Cisco Updates Network Certification to Address Emerging Technologies
Cisco Systems wants to make sure network administrators are prepared to handle the changes being brought about by such trends as the digitization of businesses, the cloud and the Internet of things.
The world's top networking vendor is updating its CCNA Routing and Switching certification for associate-level network engineers to address the fundamentals of programmable networks and software-driven network architectures. The updates also will give the engineers the tools they need to understand how virtualized and cloud services interact and impact enterprise networks, according to Tejas Vashi, director of product strategy and marketing at Cisco.
In addition, the revisions encompass Quality of Service (QoS) principles and uses and expand the focus on IPv6 and basic network security.
"The move comes as part of our overall shift toward programmable networks throughout the Cisco certification portfolio," Vashi wrote in a post on the company blog, noting that in November 2015, the vendor announced updates to its certification at the expert level (CCIE) to address emerging technologies. "These updates to the CCNA R&S represent the continued evolution of our training and certification programs. The revised CCNA certification provides you with industry-recognized skills for today and the future and will give you the knowledge and tools needed to evolve the network."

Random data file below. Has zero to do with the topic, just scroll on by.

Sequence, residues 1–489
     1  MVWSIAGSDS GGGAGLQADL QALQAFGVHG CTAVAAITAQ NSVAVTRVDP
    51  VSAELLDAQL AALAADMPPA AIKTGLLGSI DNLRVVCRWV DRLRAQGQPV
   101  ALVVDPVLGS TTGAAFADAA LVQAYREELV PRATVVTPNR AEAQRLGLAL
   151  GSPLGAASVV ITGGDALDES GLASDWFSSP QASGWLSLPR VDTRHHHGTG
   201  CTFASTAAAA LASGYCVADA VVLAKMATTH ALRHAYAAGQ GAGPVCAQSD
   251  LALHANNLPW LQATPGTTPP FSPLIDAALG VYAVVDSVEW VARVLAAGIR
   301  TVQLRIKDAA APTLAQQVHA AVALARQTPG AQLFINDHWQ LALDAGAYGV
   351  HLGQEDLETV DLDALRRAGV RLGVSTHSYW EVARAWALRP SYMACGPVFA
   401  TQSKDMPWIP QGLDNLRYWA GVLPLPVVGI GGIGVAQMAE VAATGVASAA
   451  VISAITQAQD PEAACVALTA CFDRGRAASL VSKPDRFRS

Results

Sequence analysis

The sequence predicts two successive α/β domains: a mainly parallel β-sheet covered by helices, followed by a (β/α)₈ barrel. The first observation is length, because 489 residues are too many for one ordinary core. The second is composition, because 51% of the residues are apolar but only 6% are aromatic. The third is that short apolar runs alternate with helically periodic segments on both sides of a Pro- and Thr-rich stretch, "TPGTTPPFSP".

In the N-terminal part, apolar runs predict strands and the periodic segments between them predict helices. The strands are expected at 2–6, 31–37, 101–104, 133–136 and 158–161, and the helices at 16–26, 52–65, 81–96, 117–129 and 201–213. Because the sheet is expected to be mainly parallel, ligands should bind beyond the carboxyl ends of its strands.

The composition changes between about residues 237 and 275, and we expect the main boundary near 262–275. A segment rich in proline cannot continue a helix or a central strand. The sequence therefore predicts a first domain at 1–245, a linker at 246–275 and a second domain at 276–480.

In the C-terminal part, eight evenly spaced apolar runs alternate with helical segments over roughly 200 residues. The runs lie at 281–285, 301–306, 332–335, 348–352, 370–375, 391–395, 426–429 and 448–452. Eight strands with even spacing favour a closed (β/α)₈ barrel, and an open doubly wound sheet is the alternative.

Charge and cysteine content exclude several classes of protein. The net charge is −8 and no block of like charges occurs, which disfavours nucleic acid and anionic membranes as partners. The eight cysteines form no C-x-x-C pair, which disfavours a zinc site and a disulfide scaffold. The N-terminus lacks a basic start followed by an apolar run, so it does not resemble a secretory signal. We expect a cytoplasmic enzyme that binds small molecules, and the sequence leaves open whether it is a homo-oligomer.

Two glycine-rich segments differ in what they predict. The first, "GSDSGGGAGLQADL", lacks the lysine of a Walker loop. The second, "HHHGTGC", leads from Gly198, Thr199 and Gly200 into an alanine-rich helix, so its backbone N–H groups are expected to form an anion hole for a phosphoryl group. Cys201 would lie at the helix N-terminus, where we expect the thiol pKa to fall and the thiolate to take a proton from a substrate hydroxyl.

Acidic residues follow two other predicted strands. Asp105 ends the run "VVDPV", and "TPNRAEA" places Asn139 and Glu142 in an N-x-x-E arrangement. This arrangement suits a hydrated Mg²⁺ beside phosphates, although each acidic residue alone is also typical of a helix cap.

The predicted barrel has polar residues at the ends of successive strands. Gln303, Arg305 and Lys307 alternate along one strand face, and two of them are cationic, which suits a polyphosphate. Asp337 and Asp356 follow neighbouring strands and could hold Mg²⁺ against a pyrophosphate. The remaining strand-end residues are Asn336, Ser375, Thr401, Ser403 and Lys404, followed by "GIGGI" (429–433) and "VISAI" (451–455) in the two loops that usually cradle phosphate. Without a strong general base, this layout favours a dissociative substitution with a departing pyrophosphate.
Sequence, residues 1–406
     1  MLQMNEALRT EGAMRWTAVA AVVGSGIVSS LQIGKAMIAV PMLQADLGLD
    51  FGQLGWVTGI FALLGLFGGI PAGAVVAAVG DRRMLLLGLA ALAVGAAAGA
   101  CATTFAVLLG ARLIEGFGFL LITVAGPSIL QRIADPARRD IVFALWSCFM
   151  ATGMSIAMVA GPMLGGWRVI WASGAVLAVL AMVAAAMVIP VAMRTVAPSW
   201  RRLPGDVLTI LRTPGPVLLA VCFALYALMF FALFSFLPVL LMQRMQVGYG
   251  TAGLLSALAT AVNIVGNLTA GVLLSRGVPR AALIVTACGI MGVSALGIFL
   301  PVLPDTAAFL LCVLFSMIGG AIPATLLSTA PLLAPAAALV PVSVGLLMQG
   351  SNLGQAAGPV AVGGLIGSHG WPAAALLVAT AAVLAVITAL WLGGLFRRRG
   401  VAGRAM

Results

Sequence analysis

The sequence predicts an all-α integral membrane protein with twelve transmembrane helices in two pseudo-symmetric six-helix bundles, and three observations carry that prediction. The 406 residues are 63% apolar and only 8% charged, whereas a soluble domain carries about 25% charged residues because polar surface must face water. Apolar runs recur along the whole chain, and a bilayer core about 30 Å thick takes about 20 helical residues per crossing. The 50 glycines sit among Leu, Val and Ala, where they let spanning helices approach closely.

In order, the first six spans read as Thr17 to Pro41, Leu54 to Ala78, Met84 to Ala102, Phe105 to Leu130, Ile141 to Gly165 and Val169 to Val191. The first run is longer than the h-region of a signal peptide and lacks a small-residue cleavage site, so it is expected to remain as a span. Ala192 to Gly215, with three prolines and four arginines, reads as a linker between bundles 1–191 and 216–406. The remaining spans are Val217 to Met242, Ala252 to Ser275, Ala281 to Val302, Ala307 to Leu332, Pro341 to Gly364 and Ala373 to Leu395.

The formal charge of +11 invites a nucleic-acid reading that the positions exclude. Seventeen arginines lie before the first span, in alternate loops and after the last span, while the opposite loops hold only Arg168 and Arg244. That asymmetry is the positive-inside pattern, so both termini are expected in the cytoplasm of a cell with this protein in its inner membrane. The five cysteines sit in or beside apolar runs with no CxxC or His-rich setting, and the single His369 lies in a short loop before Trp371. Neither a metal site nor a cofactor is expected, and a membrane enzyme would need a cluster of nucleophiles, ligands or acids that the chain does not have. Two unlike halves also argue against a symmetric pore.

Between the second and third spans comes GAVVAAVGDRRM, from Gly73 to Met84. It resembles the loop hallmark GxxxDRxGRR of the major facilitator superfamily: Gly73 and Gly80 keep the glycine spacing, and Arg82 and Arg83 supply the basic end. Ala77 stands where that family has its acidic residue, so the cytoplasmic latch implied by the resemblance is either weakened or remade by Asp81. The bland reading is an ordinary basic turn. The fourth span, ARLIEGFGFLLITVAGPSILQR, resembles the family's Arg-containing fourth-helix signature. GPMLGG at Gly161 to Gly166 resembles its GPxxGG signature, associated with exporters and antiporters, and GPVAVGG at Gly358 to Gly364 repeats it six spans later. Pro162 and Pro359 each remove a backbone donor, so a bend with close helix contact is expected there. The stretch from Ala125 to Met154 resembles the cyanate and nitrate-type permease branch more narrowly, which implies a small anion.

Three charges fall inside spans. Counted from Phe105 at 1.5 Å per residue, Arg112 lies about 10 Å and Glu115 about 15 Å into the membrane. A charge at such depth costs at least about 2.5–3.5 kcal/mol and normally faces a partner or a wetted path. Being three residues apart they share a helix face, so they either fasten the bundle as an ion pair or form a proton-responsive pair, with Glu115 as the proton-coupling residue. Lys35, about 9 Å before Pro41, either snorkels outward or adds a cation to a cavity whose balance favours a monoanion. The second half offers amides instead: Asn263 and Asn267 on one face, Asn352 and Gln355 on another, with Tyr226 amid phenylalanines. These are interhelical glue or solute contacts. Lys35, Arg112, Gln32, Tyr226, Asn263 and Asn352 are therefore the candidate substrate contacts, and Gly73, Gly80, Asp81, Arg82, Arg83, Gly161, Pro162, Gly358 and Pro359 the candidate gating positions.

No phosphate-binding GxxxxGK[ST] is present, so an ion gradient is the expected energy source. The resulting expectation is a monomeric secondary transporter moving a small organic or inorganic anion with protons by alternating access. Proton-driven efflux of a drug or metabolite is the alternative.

That will be important going forward, he wrote, pointing to new data from the U.S. Bureau of Labor Statistics that indicate a growing demand for network administrators over the next several years. Through 20124, the demand for people working in the design of computer systems and related services projects will grow by as much as 31 percent.
"That upward trend is seen at the global level as well, as businesses continue to digitize, leverage IoT technology, and scale through cloud and mobile networks," Vashi wrote.
Information about the new CCNA Routing and Switching certification can be found on Cisco's CCNA page.